“Start where you are. Use what you have. Do what you can”​ Arthur Ashe

It’s an elephant, and it’s in the room – climate change.

Is it the ‘bigness’ of these two words that cause us to stall, to pull up short again and again in our efforts to make a difference, to have an impact? 

Are you caught between the desire to do something and the reality of getting it done? Could it be we are collectively overwhelmed into inaction?

What if, instead of seeking to change the world, we sought to change something today?

In 2004 Ronnie Kahn, frustrated by the huge volume of food waste in her events company, began hand-delivering the untouched food to homeless shelters. Today, Oz Harvest, the company she founded, delivers the equivalent of 25 million meals a year that would otherwise be wasted. (1)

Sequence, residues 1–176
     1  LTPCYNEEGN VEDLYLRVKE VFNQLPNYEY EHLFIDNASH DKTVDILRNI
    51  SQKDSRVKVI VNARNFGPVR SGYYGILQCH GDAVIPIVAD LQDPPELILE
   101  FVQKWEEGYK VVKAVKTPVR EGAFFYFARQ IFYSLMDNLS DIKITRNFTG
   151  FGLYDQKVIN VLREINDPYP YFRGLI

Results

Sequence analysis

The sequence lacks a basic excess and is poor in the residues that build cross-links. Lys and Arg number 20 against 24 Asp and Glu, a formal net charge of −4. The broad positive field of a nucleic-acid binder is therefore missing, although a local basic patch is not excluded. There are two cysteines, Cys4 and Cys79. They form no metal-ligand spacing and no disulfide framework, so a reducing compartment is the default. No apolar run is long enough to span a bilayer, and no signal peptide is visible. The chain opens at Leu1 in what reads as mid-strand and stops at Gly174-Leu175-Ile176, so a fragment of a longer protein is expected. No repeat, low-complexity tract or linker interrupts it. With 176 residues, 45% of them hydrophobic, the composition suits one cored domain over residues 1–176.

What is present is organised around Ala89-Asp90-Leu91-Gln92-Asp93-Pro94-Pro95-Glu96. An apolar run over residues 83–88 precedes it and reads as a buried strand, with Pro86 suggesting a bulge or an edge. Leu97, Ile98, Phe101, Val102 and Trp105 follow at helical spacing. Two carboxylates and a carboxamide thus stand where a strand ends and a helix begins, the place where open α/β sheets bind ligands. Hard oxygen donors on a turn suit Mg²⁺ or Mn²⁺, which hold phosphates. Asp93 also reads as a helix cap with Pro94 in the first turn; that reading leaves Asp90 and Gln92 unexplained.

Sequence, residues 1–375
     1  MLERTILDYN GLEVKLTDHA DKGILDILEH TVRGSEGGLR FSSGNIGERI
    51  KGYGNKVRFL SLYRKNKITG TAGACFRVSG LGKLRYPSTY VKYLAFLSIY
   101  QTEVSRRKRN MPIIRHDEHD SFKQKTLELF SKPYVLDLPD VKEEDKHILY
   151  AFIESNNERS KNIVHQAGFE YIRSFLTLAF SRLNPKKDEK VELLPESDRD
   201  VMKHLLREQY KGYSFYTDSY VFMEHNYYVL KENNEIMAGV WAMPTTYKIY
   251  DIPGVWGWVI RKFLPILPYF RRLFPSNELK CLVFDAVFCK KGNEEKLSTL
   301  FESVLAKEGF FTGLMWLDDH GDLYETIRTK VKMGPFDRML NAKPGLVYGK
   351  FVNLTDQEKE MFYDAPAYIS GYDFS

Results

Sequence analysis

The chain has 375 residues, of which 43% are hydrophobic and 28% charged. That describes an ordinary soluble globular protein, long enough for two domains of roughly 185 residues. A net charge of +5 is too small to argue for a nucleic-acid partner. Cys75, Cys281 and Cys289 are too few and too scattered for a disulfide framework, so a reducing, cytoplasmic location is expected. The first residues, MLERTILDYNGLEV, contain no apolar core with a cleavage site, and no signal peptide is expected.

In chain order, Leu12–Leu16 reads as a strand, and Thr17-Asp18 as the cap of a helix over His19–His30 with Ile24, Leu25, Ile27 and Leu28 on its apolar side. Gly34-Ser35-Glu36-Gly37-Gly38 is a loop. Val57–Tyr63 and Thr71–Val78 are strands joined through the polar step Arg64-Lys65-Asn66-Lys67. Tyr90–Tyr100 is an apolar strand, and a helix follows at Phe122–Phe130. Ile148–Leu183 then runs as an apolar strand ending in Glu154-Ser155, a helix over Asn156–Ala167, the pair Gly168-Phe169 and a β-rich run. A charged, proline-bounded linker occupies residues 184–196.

In the same year, British cycling coach David Brailsford committed to a strategy of the aggregation of marginal gains. A philosophy of searching for a tiny margin of improvement in everything you do. After nearly one hundred years of mediocrity, during the ten years from 2007 to 2017, British cyclists won 178 world championships and 66 Olympic or Paralympic gold medals and captured 5 Tour de France victories in what is widely regarded as the most successful run in cycling history. (2)